||Machine generated contents note: Foreword Declan Kiberd; Introduction Michael Pierse; 1. Writing and theorising the Irish working class David Convery; 2. Representing labour: notes towards a political and cultural economy of Irish working-class experience Christopher J. V. Loughlin; 3. Working-class writing in Ireland before 1800: 'some must be poor -- we cannot all be great' Andrew Carpenter; 4. 'We wove our ain wab': the Ulster Weaver poets' working lives, myths and afterlives Frank Ferguson; 5. Sub-literatures?: Folk song, memory and Ireland's working poor John Moulden; 6. Writing working-class Irish women Heather Laird; 7. 'Unwriting' the city: narrating class in early twentieth-century Belfast and Dublin (1900-1929) Elizabeth Mannion; 8. Class during the Irish revolution: British soldiers, 1916, and the abject body James Moran; 9. 'An sinne a bhi sa chonra?' -- Writing death on the margins in twentieth-century Irish working-class writing Michael Pierse; 10. Writing Irish nurses in Britain Tony Muray; 11. The view from below: solidarity and struggle in Irish-American working-class literature Margaret Hallissy and John Lutz; 12. Irish working-class writing in Australasia, 1860-1960: contrasts and comparisons Peter Kuch; 13. Irish working-class poetry 1900-1960 Niall Carson; 14. 'A system that inflicts suffering upon the many' Paul Delaney; 15. Drama, 1900-1950 Paul Murphy; 16. Sean O'Casey and Brendan Behan: aesthetics, democracy, and the voice of labour John Brannigan; 17. Reshaping well-worn genres: historical novels 1960-1998 Mary McGlynn; 18. Locked out: working-class lives in Irish drama 1958-1998 Victor Merriman; 19. Poetry and the working class in Northern Ireland during the troubles Adam Hanna; 20. Class politics and performance in troubles drama: 'history isn't over yet' Mark Phelan; 21. Twentieth-century workers' biography Claire Lynch; 22. Multiple class consciousnesses in writings for theatre during the Celtic Tiger Era Eamonn Jordan; Afterword overdue: the recovery and study of Irish working-class writing, an international perspective H. Gustav Klaus.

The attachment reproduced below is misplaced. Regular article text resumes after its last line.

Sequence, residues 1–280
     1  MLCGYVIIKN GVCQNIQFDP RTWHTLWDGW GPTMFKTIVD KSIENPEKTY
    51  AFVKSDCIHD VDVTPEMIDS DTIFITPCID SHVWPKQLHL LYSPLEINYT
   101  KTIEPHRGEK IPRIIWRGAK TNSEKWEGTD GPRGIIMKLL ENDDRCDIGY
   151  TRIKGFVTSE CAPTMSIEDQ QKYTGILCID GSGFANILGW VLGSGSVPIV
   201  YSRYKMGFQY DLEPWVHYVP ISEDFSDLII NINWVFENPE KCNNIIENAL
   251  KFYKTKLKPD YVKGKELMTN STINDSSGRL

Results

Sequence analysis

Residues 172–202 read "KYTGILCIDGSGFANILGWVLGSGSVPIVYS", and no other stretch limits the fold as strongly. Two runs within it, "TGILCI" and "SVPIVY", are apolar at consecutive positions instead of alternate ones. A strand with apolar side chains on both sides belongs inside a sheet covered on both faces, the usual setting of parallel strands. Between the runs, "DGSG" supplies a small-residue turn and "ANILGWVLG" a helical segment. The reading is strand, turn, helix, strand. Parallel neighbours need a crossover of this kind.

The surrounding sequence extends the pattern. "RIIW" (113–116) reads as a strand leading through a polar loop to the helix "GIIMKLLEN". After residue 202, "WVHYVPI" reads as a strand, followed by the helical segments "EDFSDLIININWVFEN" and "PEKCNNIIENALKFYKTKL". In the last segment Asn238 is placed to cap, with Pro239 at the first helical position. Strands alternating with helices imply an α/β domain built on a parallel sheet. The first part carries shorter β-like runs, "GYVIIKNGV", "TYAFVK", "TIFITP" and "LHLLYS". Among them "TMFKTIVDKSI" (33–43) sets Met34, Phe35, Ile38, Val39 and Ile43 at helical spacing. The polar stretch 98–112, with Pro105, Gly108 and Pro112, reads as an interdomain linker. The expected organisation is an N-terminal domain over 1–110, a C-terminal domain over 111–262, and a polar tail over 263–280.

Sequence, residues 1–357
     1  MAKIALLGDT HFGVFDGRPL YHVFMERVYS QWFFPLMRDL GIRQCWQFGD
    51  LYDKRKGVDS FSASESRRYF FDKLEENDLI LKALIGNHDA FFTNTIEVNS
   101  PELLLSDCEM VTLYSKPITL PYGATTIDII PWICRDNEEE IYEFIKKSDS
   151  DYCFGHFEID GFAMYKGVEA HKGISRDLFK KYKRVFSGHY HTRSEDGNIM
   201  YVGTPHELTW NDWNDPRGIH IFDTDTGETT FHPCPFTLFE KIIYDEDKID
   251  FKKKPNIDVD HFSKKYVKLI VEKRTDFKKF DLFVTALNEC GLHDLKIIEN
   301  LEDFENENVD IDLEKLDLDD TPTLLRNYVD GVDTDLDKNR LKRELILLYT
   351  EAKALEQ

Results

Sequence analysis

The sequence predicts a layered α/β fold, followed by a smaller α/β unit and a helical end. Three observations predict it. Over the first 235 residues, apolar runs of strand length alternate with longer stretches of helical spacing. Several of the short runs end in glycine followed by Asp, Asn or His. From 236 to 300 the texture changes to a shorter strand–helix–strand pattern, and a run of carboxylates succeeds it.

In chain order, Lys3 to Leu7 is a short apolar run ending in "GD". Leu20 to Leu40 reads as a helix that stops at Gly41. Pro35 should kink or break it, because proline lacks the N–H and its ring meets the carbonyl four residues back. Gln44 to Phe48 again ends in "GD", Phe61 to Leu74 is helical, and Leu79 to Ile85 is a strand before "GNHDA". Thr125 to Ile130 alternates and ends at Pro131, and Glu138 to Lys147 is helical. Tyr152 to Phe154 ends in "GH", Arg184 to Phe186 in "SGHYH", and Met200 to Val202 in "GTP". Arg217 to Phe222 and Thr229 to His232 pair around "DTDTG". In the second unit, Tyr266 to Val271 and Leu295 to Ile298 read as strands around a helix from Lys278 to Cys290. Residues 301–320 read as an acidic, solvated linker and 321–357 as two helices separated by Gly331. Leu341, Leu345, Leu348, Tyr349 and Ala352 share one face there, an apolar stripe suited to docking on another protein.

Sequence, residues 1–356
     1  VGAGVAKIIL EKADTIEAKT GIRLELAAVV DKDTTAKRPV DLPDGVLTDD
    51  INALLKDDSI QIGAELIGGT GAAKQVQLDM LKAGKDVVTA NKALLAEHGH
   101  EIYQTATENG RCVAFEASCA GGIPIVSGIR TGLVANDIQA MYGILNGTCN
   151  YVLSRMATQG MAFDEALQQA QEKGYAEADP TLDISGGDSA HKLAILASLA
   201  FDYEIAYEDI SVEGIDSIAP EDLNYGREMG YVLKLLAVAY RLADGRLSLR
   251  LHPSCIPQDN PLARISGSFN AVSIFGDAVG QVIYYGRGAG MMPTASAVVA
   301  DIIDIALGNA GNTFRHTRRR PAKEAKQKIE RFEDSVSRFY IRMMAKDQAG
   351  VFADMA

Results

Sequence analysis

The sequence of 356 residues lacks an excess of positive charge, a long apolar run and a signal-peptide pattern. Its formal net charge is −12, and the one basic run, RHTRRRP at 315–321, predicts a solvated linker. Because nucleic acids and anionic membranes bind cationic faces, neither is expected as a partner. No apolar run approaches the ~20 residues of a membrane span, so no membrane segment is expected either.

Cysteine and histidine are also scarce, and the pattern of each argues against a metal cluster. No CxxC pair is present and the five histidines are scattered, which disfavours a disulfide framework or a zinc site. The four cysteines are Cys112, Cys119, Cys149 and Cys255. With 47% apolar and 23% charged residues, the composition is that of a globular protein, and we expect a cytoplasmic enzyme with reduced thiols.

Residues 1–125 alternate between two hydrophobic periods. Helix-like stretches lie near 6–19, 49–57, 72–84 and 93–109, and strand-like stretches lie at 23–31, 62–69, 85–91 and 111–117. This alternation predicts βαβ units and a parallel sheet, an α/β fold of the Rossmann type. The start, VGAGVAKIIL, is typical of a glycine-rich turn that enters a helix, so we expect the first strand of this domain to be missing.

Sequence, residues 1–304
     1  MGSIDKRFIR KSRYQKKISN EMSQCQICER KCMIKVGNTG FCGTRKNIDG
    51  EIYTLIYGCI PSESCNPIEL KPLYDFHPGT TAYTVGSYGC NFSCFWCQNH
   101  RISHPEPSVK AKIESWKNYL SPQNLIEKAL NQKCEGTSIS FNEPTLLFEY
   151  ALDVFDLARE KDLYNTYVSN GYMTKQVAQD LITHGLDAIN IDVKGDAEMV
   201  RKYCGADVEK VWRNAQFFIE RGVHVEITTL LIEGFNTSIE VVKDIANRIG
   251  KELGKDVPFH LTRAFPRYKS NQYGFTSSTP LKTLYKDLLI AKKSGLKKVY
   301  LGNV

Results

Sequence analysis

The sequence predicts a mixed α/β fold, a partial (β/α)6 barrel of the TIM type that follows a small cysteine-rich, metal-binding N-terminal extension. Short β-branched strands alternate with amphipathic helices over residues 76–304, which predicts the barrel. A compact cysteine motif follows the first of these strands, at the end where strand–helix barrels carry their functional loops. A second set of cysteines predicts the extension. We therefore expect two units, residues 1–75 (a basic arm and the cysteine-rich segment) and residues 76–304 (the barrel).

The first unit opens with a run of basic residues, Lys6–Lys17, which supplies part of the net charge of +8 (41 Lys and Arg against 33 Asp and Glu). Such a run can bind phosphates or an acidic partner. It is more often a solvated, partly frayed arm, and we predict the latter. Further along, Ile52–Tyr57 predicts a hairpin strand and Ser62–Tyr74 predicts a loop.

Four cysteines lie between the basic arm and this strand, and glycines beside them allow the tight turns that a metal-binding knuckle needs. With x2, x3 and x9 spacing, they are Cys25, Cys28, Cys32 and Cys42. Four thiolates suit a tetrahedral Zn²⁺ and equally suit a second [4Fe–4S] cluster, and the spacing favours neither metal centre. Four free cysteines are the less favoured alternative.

||"A History of Irish Working-Class Writing provides a wide-ranging and authoritative chronicle of the writing of Irish working-class experience. Ground-breaking in scholarship and comprehensive in scope, it is a major intervention in Irish Studies scholarship, charting representations of Irish working-class life from eighteenth-century rhymes and songs to the novels, plays and poetry of working-class experience in contemporary Ireland. There are few narrative accounts of Irish radicalism, and even fewer that engage 'history from below'. This book provides original insights in these relatively untilled fields. Exploring workers' experiences in various literary forms, from early to late capitalism, the twenty-two chapters make this book an authoritative and substantial contribution to Irish studies and English literary studies generally"-- Provided by publisher.
||"Michael Pierse is Lecturer in Irish literature at Queen's University Belfast. His research mainly explores the writing and cultural production of Irish working-class life. Over recent years this work has expanded into new multidisciplinary themes and international contexts, including the study of festivals, digital methodologies in public humanities and theatre-as-research practices. Michael has contributed to a range of national and international publications, is the author of Writing Ireland's Working Class: Dublin after O'Casey (2011), and has been awarded several Arts and Humanities Research Council awards and the Vice Chancellor's Award at Queen's"-- Provided by publisher.
|Bibliography note||Includes bibliographical references and index.|